The resources are designed to help families adapt and create routines, build flexibility, and cope with the challenges of living in the time of COVID-19.
This year has been extremely hard on most of us. It presented us with a plethora of setbacks, heartbreaks, and challenges all while dangling the dangers of the novel Coronavirus over our heads. Families with children — especially children who have sensory issues, like some of those who have autism — have found this new way of life particularly challenging, since getting youngsters to understand the importance of wearing masks and social distancing can prove to be a daunting task. Sesame Street is now hoping to alleviate some of these burdens for parents with the launch of brand new videos and resources featuring Julia, a 4-year-old Sesame Street Muppet with autism.
This is so great! ❤️ https://t.co/1wU1EvLS6m— Abilities First (@AbilitiesFirst) September 22, 2020
These new resources — available for free in English and Spanish on SesameStreet.org/autism — aim to help autistic children and their families cope with some of the impacts of the COVID-19 pandemic. According to a press release, "they are designed to help families adapt and create routines, build flexibility, and cope with the challenges of living in the time of COVID-19, like having to wear masks and learning to understand physical distancing." One of these videos shows young Julia on a video call with her dad, visibly excited about going to the park.
Wearing masks, video chats & adjusting to frequent changes in routines can be challenging for children with autism. Today, we are excited to launch new resources to help autistic children & their families cope during these challenging times. #SeeAmazing https://t.co/DnLHzQbfjx— Sesame Street (@sesamestreet) September 21, 2020
However, when Julia's dad reminds her to wear a mask before stepping outside, her face falls as masks bother her ears and tickle her nose. Empathetic to his daughter's concerns, Julia's dad explains to her that like most things in life, wearing a mask gets easier with practice. He then proposes that they and Julia's stuffed bunny Fluffster, practice wearing masks while he counts down from five. By the end of the video, he manages to convince his daughter that wearing a mask isn't all that bad.
"We know that children with autism and their families are experiencing unique challenges during the COVID-19 pandemic, and that schedules, routines, and guidelines can change with little warning," Dr. Jeanette Betancourt, Sesame Street’s Senior Vice President of US Social Impact, said in a statement. "The new resources are designed to help families manage unexpected circumstances, familiarize children with important new behaviors like wearing masks, and incorporate practical strategies into their day-to-day lives—all with a little help from Julia."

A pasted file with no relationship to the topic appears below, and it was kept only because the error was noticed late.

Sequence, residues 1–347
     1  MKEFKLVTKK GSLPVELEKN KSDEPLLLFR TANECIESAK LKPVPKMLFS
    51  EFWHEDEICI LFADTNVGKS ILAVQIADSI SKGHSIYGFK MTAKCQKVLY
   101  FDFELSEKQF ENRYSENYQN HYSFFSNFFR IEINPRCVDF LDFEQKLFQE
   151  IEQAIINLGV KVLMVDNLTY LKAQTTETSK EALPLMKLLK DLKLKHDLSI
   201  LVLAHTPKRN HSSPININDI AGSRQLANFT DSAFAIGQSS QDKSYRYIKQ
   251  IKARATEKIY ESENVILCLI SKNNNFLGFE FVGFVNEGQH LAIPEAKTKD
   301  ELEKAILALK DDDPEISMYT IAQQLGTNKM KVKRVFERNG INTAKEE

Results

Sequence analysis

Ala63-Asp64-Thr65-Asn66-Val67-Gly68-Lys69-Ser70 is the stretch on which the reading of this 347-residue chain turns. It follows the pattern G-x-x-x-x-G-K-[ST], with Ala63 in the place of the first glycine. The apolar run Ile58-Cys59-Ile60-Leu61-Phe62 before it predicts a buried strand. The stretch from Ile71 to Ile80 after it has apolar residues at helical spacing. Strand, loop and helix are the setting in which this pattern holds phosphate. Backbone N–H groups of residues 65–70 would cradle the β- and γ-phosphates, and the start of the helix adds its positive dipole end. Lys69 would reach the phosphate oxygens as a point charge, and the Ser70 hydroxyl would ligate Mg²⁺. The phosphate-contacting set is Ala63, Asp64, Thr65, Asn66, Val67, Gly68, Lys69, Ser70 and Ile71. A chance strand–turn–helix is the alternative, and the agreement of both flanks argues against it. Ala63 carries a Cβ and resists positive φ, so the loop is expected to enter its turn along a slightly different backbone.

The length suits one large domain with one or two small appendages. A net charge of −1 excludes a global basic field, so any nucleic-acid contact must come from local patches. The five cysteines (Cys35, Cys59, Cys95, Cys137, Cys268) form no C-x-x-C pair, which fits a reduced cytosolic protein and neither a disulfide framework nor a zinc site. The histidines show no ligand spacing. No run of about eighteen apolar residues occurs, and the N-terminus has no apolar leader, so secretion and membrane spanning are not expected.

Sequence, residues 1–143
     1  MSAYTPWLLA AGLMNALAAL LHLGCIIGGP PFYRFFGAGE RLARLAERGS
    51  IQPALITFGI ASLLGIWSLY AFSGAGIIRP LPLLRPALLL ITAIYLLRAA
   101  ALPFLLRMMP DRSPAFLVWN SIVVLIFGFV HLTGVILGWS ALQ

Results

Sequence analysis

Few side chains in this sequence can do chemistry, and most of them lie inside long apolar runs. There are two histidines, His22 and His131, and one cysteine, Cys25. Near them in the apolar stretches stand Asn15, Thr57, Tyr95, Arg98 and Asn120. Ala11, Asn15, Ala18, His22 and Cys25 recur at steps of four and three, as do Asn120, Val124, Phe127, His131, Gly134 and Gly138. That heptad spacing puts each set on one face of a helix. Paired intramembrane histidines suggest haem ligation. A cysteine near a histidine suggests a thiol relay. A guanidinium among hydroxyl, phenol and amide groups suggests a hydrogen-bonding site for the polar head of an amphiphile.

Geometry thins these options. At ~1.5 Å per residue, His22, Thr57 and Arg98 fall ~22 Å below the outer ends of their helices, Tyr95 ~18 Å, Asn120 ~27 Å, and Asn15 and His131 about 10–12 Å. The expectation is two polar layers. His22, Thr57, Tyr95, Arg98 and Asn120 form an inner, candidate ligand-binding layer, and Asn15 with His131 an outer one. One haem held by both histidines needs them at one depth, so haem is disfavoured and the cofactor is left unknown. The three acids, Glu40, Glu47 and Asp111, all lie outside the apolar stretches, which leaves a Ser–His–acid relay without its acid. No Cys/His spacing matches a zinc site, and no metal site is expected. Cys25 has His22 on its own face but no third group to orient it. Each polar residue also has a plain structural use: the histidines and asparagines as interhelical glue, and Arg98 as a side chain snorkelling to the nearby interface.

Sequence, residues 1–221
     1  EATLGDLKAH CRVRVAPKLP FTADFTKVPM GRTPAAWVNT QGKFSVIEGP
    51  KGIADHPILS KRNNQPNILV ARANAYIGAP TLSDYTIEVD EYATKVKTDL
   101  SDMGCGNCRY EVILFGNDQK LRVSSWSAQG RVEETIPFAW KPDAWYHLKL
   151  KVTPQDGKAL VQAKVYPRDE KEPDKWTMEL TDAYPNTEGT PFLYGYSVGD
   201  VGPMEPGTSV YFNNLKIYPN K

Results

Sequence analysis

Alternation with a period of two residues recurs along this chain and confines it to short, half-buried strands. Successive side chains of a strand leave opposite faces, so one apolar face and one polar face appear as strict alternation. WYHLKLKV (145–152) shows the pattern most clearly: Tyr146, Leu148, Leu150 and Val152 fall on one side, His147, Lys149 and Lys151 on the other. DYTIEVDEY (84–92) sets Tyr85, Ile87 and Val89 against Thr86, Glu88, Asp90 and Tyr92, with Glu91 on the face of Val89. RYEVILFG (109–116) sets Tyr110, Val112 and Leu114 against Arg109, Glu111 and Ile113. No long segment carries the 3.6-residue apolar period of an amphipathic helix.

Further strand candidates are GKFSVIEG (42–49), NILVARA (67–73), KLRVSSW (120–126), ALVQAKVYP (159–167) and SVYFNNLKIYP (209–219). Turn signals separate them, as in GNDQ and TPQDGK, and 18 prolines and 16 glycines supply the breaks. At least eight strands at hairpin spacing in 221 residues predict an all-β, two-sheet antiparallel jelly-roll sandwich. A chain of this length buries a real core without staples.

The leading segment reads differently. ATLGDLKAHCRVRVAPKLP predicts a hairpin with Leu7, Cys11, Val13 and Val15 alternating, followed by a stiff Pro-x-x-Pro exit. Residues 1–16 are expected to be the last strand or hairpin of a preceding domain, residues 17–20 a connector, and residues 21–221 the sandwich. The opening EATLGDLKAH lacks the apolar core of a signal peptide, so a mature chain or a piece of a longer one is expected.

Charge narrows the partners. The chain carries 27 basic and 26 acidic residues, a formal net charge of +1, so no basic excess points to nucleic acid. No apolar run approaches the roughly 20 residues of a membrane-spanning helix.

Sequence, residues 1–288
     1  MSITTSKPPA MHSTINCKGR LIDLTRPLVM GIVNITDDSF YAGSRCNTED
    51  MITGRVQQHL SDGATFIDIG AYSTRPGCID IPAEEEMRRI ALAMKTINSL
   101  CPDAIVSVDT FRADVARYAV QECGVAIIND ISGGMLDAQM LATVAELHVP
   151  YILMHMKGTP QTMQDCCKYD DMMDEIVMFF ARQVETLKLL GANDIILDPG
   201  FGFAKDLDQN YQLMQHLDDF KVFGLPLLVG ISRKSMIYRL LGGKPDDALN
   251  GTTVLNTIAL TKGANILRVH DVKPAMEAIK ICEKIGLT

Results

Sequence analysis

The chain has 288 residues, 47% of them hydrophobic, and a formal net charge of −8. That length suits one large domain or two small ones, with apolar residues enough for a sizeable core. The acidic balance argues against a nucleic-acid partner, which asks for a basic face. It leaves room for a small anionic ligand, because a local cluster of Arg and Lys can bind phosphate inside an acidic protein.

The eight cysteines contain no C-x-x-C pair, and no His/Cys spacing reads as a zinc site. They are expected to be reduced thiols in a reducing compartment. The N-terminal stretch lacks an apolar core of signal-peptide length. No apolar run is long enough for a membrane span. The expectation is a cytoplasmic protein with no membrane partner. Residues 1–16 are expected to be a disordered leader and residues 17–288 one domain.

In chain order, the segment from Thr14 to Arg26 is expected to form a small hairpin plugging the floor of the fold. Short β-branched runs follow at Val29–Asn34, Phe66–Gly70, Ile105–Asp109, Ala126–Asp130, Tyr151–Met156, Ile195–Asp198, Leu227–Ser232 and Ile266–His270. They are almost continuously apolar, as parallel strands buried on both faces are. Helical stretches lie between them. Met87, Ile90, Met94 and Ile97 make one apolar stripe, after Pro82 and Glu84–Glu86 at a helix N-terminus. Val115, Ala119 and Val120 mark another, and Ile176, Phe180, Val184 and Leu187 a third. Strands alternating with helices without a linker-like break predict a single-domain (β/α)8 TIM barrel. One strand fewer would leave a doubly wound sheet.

Thank you, @sesamestreet, for your new Julia/mask video. My 4 year old went from not TOUCHING her masks to this!! pic.twitter.com/6r7zD94B87— Amy Beasley (@Cellystluv) September 22, 2020
Other resources featured in the latest release include new virtual playdate videos with Julia (including one with Elmo where the two learn how to adapt an activity they usually do in person), "an animation featuring Julia and her family out at the park for the first time in a long time," "a digital storybook teaching children that even when the world around us looks and feels different, some things stay the same no matter what—like the love within a family," and "new articles and routine stories, including strategies for parents and caregivers to help children cope with—and even embrace—changes in routines."
In March, soon after the pandemic hit the United States, Sesame Street's nonprofit educational organization, Sesame Workshop, launched the Caring for Each Other initiative "to meet the needs of families as the situation evolves, with free resources designed to help parents provide comfort and manage anxiety, as well as help with creating routines and fostering playful learning at home." The new releases are part of Sesame Street and Autism: See Amazing in All Children initiative, which was developed in consultation with over 250 organizations and experts within the autism community and aims to increase public awareness and acceptance of autism, foster greater empathy and understanding, and support families with free, bilingual resources.
Five years after “Sesame Street” put its focus on autism, new research suggests the show’s materials are helping to change minds among parents of kids with and without the developmental disorder. https://t.co/59qQDz0mGA— MO DMH (@MentalHealthMO) September 19, 2020